There are four massage therapy schools in Colorado Springs. They are privately owned institutes with curricula that exceed state requirements. Students receive certificates within six months to a year.
All the programs feature courses in anatomy, physiology, pathology, laws, and ethics. Curricula vary in the types of massage techniques they teach. Students attend classes, work in labs, and gain real-world experience treating the public.
The job-growth rate in massage therapy is even faster for Colorado Springs than in the rest of the country, with the number of practitioners expected to increase about one-third by 2026.
You might also be interested in viewing all massage therapy schools in Colorado.
We selected the schools below based on the programs that they offer, accreditation, student population, graduation rate and reputation.
View our Ranking Methodology to learn more about how we rank schools.
ATIT boasts “one of the most comprehensive programs in the United States … offering one-of-a-kind techniques no other school teaches.”
Separate programs lead to certification in comprehensive holistic natural health training, integrative meridian therapy (with a somatic trauma release dual certification option), acupressure and reflexology, neuro-lymphatic drainage, cranial therapy, fascia release, and visceral manipulation.
The dual certification curriculum covers all these subjects, as well as Japanese and Chinese ethnomedicine, Chapman’s neuro-lymphatic reflex points, individual based nutritional and herbal remedies, root causes (not protocols), basic light therapy, and energy healing. Students also receive “business coaching.”
The 11.5-month certificate program here consists of 1,000 contact hours. The curriculum begins with the state-mandated courses in anatomy and physiology, pathology, kinesiology, and ethics.
Other classes teach Swedish, sports, deep tissue, prenatal, and hot stone massage; Shiatsu; reflexology; traditional Chinese medicine neuromuscular and trigger point therapy; stress management and self care; and business development.
Practical experience involves 150 hours in a student clinic, plus chair massage events in the community. Tuition pays for books and liability insurance. Students get their own massage tables, chairs, sheets and other accessories, and treatment products.
Owned and operated by massage therapists since 1985, CIMT has won recognition from the Commission on Massage Therapy Accreditation and the International Academy of Neuromuscular Therapy.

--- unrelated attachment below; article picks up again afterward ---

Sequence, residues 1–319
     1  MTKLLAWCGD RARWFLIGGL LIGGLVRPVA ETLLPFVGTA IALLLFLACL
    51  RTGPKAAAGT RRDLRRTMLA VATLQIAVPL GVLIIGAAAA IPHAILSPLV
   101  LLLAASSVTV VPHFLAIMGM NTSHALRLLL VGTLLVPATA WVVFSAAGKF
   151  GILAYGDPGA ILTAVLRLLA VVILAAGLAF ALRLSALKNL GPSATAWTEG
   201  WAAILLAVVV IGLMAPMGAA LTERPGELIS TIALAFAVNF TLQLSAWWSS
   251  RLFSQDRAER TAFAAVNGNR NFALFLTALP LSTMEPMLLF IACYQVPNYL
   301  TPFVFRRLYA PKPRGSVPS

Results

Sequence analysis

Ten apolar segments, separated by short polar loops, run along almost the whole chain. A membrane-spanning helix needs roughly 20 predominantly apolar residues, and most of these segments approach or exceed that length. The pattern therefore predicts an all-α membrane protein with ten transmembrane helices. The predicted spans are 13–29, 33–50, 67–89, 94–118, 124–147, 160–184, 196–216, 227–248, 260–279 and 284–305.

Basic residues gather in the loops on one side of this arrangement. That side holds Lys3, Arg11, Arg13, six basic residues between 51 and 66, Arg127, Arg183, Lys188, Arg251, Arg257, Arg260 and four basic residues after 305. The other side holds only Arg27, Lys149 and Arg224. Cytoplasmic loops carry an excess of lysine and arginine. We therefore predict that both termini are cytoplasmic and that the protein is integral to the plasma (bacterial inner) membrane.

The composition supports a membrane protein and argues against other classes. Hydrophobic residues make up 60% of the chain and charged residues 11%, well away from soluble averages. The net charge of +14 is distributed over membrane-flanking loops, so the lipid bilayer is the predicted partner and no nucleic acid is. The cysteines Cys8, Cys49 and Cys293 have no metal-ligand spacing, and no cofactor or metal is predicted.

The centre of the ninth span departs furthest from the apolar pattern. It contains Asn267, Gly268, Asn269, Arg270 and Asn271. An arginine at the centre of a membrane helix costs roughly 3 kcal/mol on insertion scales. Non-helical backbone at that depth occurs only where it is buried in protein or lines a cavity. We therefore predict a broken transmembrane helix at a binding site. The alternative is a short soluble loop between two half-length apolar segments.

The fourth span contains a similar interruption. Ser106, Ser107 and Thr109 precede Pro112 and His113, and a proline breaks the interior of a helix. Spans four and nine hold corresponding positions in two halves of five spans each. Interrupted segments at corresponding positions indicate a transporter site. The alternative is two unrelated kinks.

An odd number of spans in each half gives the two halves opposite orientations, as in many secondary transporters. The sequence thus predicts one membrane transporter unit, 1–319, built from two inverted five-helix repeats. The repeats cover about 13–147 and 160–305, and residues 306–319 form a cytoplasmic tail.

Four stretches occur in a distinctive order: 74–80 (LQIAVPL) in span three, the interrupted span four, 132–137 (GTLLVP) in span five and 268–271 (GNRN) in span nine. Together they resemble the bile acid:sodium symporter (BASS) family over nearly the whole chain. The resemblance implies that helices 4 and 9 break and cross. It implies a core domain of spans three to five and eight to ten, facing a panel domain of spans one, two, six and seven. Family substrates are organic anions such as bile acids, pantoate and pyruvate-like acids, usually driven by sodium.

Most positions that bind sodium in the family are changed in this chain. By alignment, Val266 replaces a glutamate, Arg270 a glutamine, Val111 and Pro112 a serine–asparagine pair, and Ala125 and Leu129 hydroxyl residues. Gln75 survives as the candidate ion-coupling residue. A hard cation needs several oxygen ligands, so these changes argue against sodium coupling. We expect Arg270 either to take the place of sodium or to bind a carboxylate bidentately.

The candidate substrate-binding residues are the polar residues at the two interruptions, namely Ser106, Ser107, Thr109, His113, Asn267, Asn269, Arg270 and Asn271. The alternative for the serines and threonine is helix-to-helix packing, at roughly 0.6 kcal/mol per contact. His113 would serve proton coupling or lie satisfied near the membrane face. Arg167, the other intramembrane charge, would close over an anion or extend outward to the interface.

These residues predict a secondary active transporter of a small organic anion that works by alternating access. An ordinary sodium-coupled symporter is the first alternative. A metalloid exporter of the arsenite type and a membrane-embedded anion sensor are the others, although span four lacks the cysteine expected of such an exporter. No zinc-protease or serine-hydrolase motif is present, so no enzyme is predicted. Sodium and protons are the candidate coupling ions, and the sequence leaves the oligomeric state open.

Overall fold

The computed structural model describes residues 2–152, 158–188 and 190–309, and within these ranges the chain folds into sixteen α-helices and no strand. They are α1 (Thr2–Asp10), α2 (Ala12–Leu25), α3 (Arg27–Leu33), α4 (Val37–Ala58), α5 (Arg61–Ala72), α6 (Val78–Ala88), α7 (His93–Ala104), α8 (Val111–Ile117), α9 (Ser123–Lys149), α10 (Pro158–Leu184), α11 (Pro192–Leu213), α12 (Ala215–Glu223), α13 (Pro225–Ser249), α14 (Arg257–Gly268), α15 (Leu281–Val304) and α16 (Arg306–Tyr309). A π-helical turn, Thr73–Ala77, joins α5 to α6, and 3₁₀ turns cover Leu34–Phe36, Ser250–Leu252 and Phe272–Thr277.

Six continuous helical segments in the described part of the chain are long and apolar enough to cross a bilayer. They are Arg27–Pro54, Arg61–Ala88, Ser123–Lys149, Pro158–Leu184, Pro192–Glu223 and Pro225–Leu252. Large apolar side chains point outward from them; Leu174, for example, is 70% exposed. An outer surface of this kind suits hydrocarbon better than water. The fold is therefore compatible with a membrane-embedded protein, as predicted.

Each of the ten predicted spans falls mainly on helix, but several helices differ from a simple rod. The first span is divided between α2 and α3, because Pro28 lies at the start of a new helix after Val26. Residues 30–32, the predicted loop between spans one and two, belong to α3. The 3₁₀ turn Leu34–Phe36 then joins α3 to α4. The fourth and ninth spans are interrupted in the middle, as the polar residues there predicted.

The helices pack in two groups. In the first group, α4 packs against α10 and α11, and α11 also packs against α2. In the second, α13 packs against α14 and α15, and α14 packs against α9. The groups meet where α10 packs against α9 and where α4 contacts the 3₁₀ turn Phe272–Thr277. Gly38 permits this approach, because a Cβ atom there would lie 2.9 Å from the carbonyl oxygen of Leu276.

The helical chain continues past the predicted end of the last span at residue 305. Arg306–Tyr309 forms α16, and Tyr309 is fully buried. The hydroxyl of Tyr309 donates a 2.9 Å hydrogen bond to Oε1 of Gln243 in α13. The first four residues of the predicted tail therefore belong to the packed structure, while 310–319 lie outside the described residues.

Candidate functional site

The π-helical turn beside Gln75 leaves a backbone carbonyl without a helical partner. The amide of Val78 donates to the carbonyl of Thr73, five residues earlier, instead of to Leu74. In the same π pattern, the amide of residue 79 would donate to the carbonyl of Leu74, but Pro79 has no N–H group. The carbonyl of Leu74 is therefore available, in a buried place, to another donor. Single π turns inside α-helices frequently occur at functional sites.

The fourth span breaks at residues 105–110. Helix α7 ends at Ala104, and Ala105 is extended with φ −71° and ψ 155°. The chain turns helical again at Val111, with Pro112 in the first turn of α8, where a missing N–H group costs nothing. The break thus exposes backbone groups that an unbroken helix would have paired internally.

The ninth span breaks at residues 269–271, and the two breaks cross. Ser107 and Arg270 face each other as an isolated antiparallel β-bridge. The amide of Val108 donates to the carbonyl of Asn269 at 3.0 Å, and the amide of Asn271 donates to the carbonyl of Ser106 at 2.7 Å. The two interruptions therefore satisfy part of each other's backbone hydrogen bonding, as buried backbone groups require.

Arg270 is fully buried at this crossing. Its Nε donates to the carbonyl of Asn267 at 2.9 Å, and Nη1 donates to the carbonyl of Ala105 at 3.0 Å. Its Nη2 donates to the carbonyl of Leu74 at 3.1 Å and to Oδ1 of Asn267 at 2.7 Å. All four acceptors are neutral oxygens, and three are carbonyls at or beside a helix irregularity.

A 550-contact-hour “essential” MT certification program entails 8.5 months of study. An 850-hour “advanced” program lasts 11.5 months. It provides a diploma, with certification in integrative techniques, neuromuscular therapy, and trigger point therapy.
Students work at an on-campus clinic and in the community. They administer 10 seated massages, 36 full body massages, three preceptor evaluation massages, and 26 massages at sporting and marketing events.
This school, founded in 1982, has a 600-contact-hour program that students can complete in six months. Class schedules are flexible to accommodate those with jobs.
Among the massage techniques in the curriculum are Swedish, sports, infant, prenatal, and deep tissue. Students also learn Reiki, reflexology, aromatherapy, and “gentler techniques” for hospice and assisted living facility settings. They take business classes concerning how to create and market their own establishments.
In a school clinic, program participants give 15 chair massages and 45 full body massages; and receive 15 hours of mentoring. Sports and marketing events afford additional opportunities for hands-on practice.
The average salary and wages for a practitioner here are about $36,130 and $17.40, below the $41,420 per year and $20 an hour nationally.
The top tenth in the state earn about $53,370 and $25.70, while those nationwide bring in around $78,280 and $37.65. Income in the bottom tenth is near $21,260 and $10.40 in Colorado Springs, better than the approximately $21,340 and $10.25 across the country.
Statewide, the number of jobs for massage therapists is soaring. The federal Bureau of Labor Statistics foresees a 31 percent expansion in the field, reaching 12,600 jobs, by 2026.
Sources: U.S. Bureau of Labor Statistics, CareerOneStop
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